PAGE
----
At a discussion of equity and excellence in education in Pennsylvania, John Sarandrea, the superintendent of the Néw Castle district, said:

“I don’t have any problems saying this, because it’s true: Poor kids are getting the shaft right now,” he said to loud applause from the audience.

“How can you possibly not invest in these children early, knowing what will be the outcome if you don’t?” Sarandrea wondered. “It’s negligence. It’s criminal.”

The state has cut nearly a billion dollars from the school budget in the past three years, while giving out corporate tax breaks and opening charter schools. The most successful charter operator–who manages the Chester Community Charter School–is Governor Corbett’s biggest campaign contributor. Vahan Gureghian has made millions managing and supplying his charter school. The local district, meanwhile, has gone bankrupt.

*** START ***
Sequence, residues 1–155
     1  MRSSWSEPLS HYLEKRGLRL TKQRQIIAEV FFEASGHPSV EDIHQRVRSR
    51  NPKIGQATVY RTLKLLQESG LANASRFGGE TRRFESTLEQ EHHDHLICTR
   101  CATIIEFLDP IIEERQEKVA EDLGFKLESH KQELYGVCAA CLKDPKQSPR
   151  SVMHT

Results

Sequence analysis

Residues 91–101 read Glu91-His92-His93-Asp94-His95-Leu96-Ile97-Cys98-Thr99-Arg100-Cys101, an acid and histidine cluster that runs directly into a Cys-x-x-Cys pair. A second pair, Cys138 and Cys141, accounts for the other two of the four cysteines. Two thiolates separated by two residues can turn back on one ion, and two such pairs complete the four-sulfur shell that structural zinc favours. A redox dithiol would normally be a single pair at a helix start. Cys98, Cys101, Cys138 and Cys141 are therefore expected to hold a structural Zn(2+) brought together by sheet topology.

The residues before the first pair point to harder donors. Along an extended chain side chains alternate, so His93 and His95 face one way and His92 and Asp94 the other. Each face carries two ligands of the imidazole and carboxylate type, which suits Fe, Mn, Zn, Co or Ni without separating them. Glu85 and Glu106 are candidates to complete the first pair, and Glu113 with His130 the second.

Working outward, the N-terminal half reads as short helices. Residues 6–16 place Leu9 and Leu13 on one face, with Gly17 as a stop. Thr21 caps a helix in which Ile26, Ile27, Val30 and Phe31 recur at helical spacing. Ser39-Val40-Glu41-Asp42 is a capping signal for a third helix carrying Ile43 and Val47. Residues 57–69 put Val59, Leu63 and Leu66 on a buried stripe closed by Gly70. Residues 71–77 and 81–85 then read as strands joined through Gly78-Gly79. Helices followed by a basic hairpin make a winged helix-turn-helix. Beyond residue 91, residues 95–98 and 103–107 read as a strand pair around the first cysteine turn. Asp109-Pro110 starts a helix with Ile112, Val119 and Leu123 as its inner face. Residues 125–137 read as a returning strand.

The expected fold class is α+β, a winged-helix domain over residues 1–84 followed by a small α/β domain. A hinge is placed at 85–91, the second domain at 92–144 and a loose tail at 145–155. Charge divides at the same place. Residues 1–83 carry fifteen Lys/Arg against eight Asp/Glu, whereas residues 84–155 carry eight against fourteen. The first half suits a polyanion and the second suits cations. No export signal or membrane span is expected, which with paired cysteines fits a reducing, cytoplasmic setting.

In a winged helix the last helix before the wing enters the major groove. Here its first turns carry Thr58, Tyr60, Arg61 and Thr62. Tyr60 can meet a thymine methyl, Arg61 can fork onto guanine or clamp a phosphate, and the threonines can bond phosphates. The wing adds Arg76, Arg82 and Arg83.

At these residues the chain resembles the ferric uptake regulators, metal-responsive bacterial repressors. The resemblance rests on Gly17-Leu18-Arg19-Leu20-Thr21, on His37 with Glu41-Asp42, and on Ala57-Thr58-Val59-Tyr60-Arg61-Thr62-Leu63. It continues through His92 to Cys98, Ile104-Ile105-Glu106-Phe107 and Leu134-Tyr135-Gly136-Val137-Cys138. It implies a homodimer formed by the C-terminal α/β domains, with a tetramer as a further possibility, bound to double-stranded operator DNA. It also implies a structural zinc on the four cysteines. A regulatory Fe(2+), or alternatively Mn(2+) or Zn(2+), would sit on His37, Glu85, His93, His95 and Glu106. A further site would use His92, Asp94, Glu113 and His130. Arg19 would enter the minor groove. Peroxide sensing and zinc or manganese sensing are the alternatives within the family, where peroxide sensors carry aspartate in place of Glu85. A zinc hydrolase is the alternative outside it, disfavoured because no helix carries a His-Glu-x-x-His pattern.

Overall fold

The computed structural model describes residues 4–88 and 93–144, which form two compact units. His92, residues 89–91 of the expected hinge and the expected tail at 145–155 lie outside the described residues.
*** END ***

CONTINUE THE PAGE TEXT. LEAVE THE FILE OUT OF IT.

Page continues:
William Hite, the superintendent of the cash-starved Philadelphia district, said a new state funding formula was needed:

“He said any formula for distributing state aid should consider the number of students who live in poverty and are learning to speak English. Hite said Philadelphia has a larger share of those students than any other district in the state but has less money to spend to educate them.”